The Golden Verses of Pythagoras II - Contemplative Virtues

This is the second and final segment of my presentation of the Golden Verses of Pythagoras. These are the contemplative virtues. I strongly recommend reading the first part before continuing [in case you haven't read it]. Pythagoras developed into a mythical figure as time passed, he began to be perceived as more than human, with a universal learning, it is said that he studied geometry and astronomy with Anoximander, hieroglyphic symbolism with the priests of Egypt, the science of dreams with Hebrew masters and he also studied with Arabs, the Chaldean of Babylon and even with Zoroaster, for studying his life/philosophy I suggest you read Diogenes Laertius, Porphyry and Iamblichus among others. Now, his mythical persona greatly diminished, being exchanged for the more easily believable verions.

Philosophy is useless if you don't use it, live a life according to the high principles that permeated through our world from the higher realms of human and divine knowledge.If you believe in God, in whatever form he may be, try to follow the light of the mind, try to do good and think good thoughts, if you don't believe in God try to view these texts as possibilities to get to know a world enriched with the beauty of knowledge and love and "nothing in this world shall be hidden from you".

48. But never start any work, before praying to the gods to accomplish what you are going to begin.
49. When all these will be well known to you,
50. You will understand the constitution of the Immortal Gods and of men,
51. and how far the different beings extend, and what contains and binds them together.
52. You will likewise know that according to Law, the nature of this universe is in all things alike,
53. So that you shall not hope what thou ought not to hope; and nothing in this world shall be hidden from you.
54. You will likewise know, that men draw upon themselves their own misfortunes voluntarily, and of their own free choice.
55. The unfortunate, they neither see nor understand that their good is near them.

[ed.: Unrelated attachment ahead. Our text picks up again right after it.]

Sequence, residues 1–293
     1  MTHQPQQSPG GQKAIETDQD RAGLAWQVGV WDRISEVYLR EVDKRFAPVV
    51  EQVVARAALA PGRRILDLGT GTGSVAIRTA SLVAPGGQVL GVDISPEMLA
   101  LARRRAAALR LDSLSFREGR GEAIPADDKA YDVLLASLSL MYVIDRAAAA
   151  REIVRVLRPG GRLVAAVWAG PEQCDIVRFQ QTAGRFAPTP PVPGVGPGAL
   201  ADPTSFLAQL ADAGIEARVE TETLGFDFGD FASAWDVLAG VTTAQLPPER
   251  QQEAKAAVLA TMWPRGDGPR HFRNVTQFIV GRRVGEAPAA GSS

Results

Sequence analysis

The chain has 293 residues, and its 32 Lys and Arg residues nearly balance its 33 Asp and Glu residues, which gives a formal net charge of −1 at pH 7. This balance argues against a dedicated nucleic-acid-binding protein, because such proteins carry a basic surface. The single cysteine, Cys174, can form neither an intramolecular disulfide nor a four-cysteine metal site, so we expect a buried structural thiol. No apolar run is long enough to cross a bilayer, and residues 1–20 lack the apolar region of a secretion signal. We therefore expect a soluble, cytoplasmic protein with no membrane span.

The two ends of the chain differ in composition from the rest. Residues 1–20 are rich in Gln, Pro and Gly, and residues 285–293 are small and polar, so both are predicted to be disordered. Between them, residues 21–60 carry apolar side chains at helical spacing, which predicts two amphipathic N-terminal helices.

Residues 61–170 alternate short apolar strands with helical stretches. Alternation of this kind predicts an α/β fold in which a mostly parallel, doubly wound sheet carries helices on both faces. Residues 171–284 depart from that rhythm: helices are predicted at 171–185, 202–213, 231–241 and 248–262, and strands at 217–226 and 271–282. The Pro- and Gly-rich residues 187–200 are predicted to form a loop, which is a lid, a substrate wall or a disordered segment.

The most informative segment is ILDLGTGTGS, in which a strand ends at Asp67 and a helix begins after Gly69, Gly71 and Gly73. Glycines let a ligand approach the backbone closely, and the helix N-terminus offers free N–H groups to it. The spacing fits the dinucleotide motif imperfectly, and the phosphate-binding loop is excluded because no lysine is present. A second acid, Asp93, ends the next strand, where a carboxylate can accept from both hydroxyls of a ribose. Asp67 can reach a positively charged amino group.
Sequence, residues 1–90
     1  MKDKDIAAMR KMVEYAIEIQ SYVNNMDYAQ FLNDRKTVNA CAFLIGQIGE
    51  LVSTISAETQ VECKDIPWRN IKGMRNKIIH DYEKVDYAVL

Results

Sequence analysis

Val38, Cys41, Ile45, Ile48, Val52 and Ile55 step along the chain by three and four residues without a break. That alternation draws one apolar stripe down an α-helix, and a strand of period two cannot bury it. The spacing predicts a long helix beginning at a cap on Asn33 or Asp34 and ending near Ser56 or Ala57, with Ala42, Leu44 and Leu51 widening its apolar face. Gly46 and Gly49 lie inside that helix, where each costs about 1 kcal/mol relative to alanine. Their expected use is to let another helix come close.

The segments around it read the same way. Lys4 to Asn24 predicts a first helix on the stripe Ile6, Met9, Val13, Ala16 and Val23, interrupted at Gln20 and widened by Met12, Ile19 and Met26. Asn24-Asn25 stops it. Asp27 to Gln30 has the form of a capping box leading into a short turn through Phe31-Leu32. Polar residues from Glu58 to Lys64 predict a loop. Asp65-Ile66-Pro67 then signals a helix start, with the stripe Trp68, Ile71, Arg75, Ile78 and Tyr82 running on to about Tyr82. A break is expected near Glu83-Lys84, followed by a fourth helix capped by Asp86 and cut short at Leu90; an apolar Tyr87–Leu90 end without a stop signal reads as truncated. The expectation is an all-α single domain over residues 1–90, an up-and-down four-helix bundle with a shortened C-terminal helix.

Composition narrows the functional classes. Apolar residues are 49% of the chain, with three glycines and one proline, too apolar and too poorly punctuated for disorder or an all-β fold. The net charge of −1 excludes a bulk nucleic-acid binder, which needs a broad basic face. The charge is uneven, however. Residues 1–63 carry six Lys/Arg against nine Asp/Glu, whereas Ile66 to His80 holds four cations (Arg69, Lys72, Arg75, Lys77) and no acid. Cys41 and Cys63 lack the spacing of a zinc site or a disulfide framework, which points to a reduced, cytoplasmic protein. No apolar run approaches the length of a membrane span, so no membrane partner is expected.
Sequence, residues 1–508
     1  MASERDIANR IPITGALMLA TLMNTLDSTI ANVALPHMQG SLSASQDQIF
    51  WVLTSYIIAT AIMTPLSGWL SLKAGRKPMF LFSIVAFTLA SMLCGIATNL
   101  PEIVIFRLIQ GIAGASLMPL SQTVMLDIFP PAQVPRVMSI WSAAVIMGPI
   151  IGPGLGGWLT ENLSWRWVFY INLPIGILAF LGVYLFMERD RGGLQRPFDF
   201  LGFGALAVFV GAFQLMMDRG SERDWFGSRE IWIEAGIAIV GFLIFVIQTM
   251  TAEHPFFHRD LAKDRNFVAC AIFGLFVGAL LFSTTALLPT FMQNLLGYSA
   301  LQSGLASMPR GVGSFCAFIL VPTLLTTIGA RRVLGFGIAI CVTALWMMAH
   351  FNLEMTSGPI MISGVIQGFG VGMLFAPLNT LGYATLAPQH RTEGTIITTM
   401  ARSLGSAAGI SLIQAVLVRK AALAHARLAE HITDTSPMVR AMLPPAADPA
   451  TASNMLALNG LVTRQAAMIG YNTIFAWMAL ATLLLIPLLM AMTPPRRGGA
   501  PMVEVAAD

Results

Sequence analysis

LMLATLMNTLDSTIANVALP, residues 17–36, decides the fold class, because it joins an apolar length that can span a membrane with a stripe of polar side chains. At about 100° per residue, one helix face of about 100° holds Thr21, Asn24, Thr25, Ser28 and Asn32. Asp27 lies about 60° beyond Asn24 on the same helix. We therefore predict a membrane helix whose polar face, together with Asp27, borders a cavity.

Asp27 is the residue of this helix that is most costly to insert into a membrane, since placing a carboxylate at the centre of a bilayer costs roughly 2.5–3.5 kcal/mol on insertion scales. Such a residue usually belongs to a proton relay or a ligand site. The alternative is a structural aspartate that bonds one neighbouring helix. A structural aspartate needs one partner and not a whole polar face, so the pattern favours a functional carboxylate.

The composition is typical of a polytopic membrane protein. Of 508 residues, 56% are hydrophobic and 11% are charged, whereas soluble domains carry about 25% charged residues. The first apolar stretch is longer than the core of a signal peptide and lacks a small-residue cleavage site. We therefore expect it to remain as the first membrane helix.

56. Few learned how to deliver themselves out of their misfortunes.
57. Such is the fate that blinds mankind, and takes away their senses.
58. Like huge cylinders they roll to and fro, and always oppressed with ills innumerable.
59. For fatal strife (hatred), innate, pursues them everywhere, tossing them up and down without them perceiving it;
60. instead of provoking and stirring it up, they ought to banish it.
61. Oh! Jupiter (Zeus), our Father! if you would deliver men from all the evils that oppress them,
62. and show them all, the Daemon they make use of.
63. But you, take courage; and know that the human race is divine.
64. Sacred nature reveals to men all her mysteries.
65. If she imparts to you her secrets, you will easily perform all the things which I have ordained you.
66. And by healing your soul, you will deliver it from all evils, from all afflictions.
67. But abstain from the food, which we have forbidden in the purifications and in the deliverance of the soul; [this element is seen in many religions and spiritual movements, it surely wasn't created by Pythagoras; healthy eating is also obviously recommended by non-spiritual people]
68. Make a just distinction of them, and examine all things well.
69. Letting yourself always to be guided by the understanding that comes from above
70. And when, after leaving your mortal body, you will arrive at the most pure Aether,
71. You shall be like a God, immortal, incorruptible, and Death shall have no more dominion over you.

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